AIPAC extended invitations to all of the current presidential candidates. “Our Policy Conference is also likely to be one of the few venues that these candidates will have to speak to a bipartisan audience between now and Election Day,” AIPAC said in a statement. “We are delighted for AIPAC to serve as the venue for presidential candidates to share their perspectives, and we look forward to welcoming them.”

Hillary Clinton is expected to address AIPAC during the Monday morning session, while Republican candidates Donald Trump, Ted Cruz and John Kasich will speak in the evening. 

Sanders is the only candidate who expects his remarks to be distributed or somehow be read aloud to the 18,000 attendees.

Netanyahu cancels DC trip, AIPAC appearance


Israeli Prime Minister Benjamin Netanyahu cancelled initial plans to travel to Washington, D.C., for AIPAC’s Police Conference later this month, Channel 10 reported on Monday.

According to the Channel 10′s Moav Vardi, Netanyahu was not able to arrange a meeting with President Barack Obama ahead of his upcoming trip to Cuba on March 21 and 22.

The 2016 AIPAC Policy Conference is scheduled for March 20-22. Last month, Israel Hayom reportedthat the Israeli Prime Minister was going to speak at the annual gathering, as he has done the past years. 

Netanyahu and Obama were expected to meet in the Oval Office to finalize the details on a 10-year MOU between the U.S. and Israel. But outstanding disagreements over the U.S. aid package has made it difficult to arrange a meeting so close to the President’s trip to Cuba and Mexico.

Vice President Joe Biden is expected to meet with Netanyahu on Tuesday on his first trip to Israel in six years. At the start of the weekly cabinet meeting on Sunday, Netanyahu said that the visit is a testament to the strong ties between the two countries. “There have been those who have already predicted the collapse of this relationship – but that is not the case,” he said. “The ties are strong at all levels, and also with regards to the challenges that we share in our region. I will, of course, discuss this with the vice president during his visit.”

Obama to visit Cuba during AIPAC’s Policy Conference


President Barack Obama may not be attending AIPAC’s Policy Conference in Washington D.C. in the last year of his presidency.

The White House announced on Thursday that the President will travel to Cuba to meet with Cuban President Raul Castro, entrepreneurs, and “Cubans from different walks of life” on March 21 and 22.

The 2016 AIPAC Policy Conference is also scheduled for March 20-22. Israeli Prime Minister Benjamin Netanyahu is expected to visit DC to address the annual gathering. 

As of now, no meeting has been scheduled between Netanyahu and Obama, Israel Hayom reported. Following the announcement of the President’s Cuba trip, it is now unclear whether the two leaders will even meet while the Israeli Prime Minister is in town.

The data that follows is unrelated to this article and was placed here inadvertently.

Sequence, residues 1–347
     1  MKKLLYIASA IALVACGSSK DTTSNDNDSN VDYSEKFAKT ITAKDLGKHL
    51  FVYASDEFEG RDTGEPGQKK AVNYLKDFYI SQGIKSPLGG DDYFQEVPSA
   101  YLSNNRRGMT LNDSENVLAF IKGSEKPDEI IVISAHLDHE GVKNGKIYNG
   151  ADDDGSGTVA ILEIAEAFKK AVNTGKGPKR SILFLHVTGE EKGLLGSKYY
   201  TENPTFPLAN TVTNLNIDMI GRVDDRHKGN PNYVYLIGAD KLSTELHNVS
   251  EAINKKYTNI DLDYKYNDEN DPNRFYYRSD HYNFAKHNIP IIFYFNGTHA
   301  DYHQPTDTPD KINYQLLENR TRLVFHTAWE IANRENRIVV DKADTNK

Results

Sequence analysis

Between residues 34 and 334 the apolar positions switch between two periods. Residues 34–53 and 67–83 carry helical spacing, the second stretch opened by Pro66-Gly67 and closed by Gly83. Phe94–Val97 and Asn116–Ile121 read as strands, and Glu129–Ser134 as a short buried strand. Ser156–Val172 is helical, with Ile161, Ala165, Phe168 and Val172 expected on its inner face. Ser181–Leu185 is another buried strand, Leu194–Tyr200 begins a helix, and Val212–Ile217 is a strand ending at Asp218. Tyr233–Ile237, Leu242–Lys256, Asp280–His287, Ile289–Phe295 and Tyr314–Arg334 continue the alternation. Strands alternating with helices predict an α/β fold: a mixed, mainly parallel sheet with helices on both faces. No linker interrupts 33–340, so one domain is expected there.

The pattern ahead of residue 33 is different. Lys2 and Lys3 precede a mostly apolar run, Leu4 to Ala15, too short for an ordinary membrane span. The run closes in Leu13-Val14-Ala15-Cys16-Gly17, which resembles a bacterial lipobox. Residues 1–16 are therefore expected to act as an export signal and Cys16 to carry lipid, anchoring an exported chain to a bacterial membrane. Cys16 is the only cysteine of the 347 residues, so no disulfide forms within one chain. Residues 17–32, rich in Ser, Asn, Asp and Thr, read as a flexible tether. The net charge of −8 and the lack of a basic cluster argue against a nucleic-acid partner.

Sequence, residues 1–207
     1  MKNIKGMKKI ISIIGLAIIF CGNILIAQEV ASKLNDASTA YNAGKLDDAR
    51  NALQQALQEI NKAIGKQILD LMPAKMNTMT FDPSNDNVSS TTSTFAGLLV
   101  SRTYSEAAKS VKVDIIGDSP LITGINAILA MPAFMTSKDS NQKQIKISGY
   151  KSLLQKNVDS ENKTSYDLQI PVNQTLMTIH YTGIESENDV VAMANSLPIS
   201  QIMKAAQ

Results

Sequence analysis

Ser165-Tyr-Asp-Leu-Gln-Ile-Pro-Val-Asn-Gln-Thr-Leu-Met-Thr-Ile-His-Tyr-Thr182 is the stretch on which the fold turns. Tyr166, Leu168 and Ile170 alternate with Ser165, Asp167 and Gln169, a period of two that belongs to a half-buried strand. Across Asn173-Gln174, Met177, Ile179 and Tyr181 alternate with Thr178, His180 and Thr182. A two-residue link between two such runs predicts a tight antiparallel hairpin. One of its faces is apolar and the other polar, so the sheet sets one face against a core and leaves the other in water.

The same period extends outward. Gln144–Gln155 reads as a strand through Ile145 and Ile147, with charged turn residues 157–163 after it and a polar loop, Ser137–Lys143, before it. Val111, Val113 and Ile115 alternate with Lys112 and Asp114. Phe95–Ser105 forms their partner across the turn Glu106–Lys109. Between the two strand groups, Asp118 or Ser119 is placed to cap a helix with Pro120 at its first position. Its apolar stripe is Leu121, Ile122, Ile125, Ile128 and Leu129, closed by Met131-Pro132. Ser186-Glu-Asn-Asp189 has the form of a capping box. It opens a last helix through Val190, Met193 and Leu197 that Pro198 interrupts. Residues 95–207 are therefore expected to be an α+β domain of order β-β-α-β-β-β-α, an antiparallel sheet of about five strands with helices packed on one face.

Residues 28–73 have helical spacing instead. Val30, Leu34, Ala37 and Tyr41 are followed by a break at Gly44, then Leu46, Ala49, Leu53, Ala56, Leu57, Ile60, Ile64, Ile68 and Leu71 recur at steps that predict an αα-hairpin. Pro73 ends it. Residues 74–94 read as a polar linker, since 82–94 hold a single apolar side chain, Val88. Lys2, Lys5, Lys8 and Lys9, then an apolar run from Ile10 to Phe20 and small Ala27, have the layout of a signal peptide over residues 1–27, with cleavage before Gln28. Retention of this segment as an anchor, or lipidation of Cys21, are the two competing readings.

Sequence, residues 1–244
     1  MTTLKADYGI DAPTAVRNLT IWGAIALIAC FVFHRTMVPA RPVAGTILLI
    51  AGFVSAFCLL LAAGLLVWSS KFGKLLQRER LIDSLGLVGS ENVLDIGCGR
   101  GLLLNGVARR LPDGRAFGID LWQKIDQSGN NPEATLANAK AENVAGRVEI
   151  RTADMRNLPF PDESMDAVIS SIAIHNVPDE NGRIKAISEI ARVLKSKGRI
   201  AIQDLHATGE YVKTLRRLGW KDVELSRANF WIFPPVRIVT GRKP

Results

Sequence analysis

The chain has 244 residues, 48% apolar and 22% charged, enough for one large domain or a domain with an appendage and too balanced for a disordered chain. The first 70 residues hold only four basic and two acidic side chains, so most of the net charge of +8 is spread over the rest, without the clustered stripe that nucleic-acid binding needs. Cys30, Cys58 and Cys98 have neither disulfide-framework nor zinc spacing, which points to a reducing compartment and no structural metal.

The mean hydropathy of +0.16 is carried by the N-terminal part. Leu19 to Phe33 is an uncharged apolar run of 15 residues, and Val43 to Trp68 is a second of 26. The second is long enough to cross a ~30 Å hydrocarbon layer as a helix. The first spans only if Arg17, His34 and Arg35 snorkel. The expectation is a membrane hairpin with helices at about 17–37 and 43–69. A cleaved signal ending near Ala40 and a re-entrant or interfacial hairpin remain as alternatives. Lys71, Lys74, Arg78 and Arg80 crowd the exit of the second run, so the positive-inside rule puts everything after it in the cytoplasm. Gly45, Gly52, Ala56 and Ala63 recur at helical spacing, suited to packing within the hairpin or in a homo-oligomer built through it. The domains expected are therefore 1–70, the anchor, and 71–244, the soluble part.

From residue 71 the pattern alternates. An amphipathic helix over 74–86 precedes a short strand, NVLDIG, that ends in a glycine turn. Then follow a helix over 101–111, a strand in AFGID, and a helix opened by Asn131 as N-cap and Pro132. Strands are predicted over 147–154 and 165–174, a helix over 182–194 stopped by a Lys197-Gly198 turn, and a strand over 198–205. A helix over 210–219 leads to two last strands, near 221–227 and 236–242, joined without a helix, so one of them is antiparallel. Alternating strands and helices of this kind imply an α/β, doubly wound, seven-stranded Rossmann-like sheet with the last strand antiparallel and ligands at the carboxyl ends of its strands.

This will mark the second consecutive year that Netanyahu is in town for AIPAC’s conference and is not being invited to the White House. Last year, Netanyahu came to address a joint session of Congress against the President’s will. But after the implementation of the Iran nuclear deal and the ongoing negotiations over an increased security package, it was expected that Netanyahu and Obama would meet in March to finalize the details on a 10-year MOU between the U.S. and Israel. Though, a meeting may still take place when the President returns from Cuba on the 22nd. 

Obama and Netanyahu last met in November. 

A week and a half before Netanyahu travels to Washington, Vice President Joe Biden will visit Israel, Netanyahu announced on Sunday.

AIPAC: Obama administration peddling ‘inaccuracies’ about lobby


AIPAC said the Obama administration is peddling inaccuracies about the pro-Israel lobby’s opposition to the Iran nuclear deal.

AIPAC President Robert Cohen emailed the organization’s activists on Monday, linking to a New York Times article published last week about tensions arising between the lobby and the administration, and said it reflects “multiple inaccuracies stemming from claims by the administration.”

AIPAC’s facts, Cohen said “are well-substantiated and accurate.” President Barack Obama has said that opponents to the deal have peddled arguments distorting or omitting elements of the sanctions relief for nuclear restrictions deal reached July 14 between Iran and six major powers.

An AIPAC affiliate, Citizens for a Nuclear Free Iran, has run a TV ad addressing the substance of the deal.

“This ad does not single out the president in any way,” Cohen said. According to the Times article, Obama in a meeting last week with Jewish leaders conflated the CNFI ad with others attacking Obama personally.

The American Israel Public Affairs Committee treated administration speakers who addressed about 700 activists who flew in last month to lobby against the deal “with courtesy and respect,” Cohen said. Administration officials have said that the speakers, among them top negotiators on the deal, were not permitted to take questions. AIPAC said the officials were free to use the 30 minutes allocated them as they pleased.

Cohen noted that AIPAC took no position on the Iraq War. Obama has said that some of the opponents of the Iran nuclear deal backed that conflict, but has been careful to distinguish these from those who oppose the deal out of concern for Israel. Some defenders of the deal have made the link between AIPAC and the Iraq War on social media.

Congress has until mid-to-late September to consider whether or not to reject the deal.

What if there’s no Iran nuclear deal?